As set forth in the GBIC standard, the guide structure 12 has a side latch retention feature for the module 30. In particular, openings 106 are provided on each side of the guide structure 12. To cooperate with the openings 106, the latch members 42, 44 are formed with laterally extending barbs 108 which engage the walls of the openings 106 when the module 30 is fully inserted in the guide structure 12. These barbs 108 are on a latch portion 110 of the latch member 42, 44. The latch. portion 110 is resiliently biased in the direction in which the barbs 108 are pointing. Each of the latch members 42, 44 is further formed with a release portion 112 beyond the latch portions 110. The release portion 112 are adapted to be pressed toward each other when it is desired to release the barbs 108 from engagement with the walls of the openings 106, for removal of the module 30 from the guide structure 12.
In addition to the functions of holding the cover parts 38, 40 together and for latching the module 30 in the guide structure 12, the latch members 42, 44 also provide an additional ground current path to the chassis of the host when the guide structure 12 is provided with metallized guide rails.
The shield member 46 for the module 30 is formed from conductive sheet stock material and is cut and bent so that it covers the insulative housing of the module receptacle 36. The shield member 46 is formed with bent tabs 114 which fit under the planar walls 48, 50 of the cover parts 38, 40, respectively. Thus, when the cover parts 38, 40 are locked in place, the shield member 46 is also locked in place.
Since the module receptacle 36 may vary for different applications, the particular design of the shield member 46 and of the ends of the cover parts 38, 40 adjacent the shield member 46 will vary, but the remaining design for the cover parts 38, 40 and the latch members 42, 44 will remain unchanged, resulting in an economical design.
FIG. 4 illustrates a GBIC module, designated generally by the reference numeral 120, where the module receptacle 122 is of the type known as a subminiature D nine position connector (sometimes called a DB-9 connector) instead of the high speed serial data connector illustrated in FIGS. 1-3. The elements of the module 120 which are identical to corresponding elements of the module 30 (FIGS. 1-3) are identified by the same reference numeral. Thus, for example, the module 120 includes the latch members 42, 44 which function identically to the latch members 42, 44 of the module 30.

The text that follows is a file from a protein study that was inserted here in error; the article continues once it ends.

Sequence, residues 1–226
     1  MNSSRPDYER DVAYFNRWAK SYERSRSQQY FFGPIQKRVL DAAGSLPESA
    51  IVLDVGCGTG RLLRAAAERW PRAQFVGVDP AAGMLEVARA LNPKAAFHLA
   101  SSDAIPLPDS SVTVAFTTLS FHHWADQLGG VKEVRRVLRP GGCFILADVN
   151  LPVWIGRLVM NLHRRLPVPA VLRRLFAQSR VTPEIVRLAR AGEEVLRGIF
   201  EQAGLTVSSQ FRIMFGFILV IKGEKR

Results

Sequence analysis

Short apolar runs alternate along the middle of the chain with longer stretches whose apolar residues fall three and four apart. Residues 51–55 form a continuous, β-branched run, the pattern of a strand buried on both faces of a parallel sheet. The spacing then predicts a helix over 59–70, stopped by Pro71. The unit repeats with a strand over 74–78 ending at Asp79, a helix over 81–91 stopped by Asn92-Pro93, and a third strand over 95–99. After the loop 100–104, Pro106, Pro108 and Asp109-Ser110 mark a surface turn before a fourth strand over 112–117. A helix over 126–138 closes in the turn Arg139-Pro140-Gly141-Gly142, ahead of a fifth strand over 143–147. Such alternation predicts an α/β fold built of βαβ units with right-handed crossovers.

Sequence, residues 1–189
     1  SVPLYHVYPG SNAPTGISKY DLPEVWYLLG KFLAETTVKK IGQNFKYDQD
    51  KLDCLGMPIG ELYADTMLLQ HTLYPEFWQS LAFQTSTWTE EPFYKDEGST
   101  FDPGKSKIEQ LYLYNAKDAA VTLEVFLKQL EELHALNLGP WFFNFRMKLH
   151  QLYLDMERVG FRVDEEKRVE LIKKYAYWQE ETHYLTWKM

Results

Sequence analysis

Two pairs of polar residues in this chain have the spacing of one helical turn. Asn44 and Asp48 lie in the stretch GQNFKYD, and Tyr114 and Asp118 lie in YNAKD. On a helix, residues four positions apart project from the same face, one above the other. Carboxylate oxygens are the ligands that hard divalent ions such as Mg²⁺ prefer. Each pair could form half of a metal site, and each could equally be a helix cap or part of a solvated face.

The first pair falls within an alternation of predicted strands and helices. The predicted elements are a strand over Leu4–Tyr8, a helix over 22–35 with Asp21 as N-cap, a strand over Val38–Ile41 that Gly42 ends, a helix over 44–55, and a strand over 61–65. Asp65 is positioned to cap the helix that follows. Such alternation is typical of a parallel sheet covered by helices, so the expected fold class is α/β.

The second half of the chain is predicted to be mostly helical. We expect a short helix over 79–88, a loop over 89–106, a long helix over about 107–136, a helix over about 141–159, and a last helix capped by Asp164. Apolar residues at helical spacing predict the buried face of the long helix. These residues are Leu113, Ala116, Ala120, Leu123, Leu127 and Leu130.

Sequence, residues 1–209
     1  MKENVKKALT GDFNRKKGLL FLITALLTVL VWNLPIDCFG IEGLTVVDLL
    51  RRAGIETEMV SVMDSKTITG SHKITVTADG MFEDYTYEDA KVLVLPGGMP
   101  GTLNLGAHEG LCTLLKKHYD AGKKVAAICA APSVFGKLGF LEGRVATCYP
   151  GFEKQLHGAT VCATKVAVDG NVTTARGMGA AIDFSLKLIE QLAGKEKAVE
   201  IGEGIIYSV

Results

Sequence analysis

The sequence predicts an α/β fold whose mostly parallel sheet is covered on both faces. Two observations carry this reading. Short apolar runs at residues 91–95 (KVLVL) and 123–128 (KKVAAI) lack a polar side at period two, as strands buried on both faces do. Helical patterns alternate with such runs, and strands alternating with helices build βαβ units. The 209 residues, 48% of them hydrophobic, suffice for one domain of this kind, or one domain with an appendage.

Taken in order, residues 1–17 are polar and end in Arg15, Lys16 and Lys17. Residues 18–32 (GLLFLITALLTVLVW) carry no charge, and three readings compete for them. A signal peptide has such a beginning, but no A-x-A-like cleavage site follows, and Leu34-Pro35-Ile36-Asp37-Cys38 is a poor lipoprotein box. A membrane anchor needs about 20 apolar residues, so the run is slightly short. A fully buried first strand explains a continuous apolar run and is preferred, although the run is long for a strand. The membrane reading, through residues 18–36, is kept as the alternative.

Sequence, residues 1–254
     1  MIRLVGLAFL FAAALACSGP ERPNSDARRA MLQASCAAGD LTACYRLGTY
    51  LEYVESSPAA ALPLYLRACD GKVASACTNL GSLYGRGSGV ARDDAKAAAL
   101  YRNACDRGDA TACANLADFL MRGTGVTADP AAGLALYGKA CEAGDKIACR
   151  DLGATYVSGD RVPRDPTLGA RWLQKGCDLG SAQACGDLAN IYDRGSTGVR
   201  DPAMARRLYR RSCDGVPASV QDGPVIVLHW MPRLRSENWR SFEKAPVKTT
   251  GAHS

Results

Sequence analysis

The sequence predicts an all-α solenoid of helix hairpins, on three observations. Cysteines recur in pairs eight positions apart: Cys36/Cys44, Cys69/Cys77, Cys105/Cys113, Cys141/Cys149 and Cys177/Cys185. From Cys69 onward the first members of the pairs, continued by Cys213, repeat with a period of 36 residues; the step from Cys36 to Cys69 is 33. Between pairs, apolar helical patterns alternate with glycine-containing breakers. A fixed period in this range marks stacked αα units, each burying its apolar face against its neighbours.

The DB-9 connector functioning as the module receptacle 122 includes an insulative housing 124, the mating end of which is enclosed within a conductive shield 126. The shield 126 has a pair of laterally extending flanges 128, 130 conventionally used for mounting and grounding the receptacle 122. Since the receptacle 122 has its own shield, the shield member 46 (FIGS. 1-3), or any equivalent part, may be eliminated from the module 120.
The different receptacle 122 results in modified cover parts 132, 134. These cover parts 132, 134 terminate just short of the flanges 128, 130 and have a portion of their major walls 48, 50 shaped to receive that part of the insulative housing 124 which is adjacent the circuit board 32. At that end of the lower cover part 134, there are provided a pair of blocks 136, 138 which butt up against the rear surfaces of the flanges 128, 130, respectively. Each of the blocks 136, 138 has a respective internally threaded bore 140, 142 aligned with corresponding openings 144, 146 in the flanges 128, 130. Thus, when the module 120 is assembled, the receptacle 122 is firmly secured to the lower cover part 134 by the screws 148 being inserted through the openings 144, 146 and then being threaded into the bores 140, 142. If desired, washers 150 may be installed between the screws 148 and the flanges 128, 130.
Accordingly, there has been disclosed an improved shielding cover for a GBIC module. While illustrative constructions for the inventive cover have been disclosed herein, it will be understood that various modifications and adaptations to the disclosed constructions will be apparent to one of ordinary skill in the art and it is therefore intended that this invention be limited only by the scope of the appended claims.
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|U.S. Classification||361/816, 361/759, 439/76.1, 361/741, 361/736, 206/719, 361/800|
|International Classification||H01R13/6594, H01R13/627, H05K9/00|
|Cooperative Classification||H01R13/6594, H05K9/0058, H01R13/6273|
|European Classification||H01R13/658, H05K9/00B32|
|Feb 17, 1999||AS||Assignment|
Owner name: WHITAKER CORPORATION, THE, DELAWARE
Free format text: ASSIGNMENT OF ASSIGNORS INTEREST;ASSIGNORS:FLICKINGER, STEVEN L.;MAYER, LORI A.;SHEESLEY, WILLIAM L.;AND OTHERS;REEL/FRAME:009771/0905;SIGNING DATES FROM 19990209 TO 19990211
|Jun 29, 2004||FPAY||Fee payment|
Year of fee payment: 4
|Jul 23, 2008||FPAY||Fee payment|
Year of fee payment: 8
|Jul 23, 2012||FPAY||Fee payment|
Year of fee payment: 12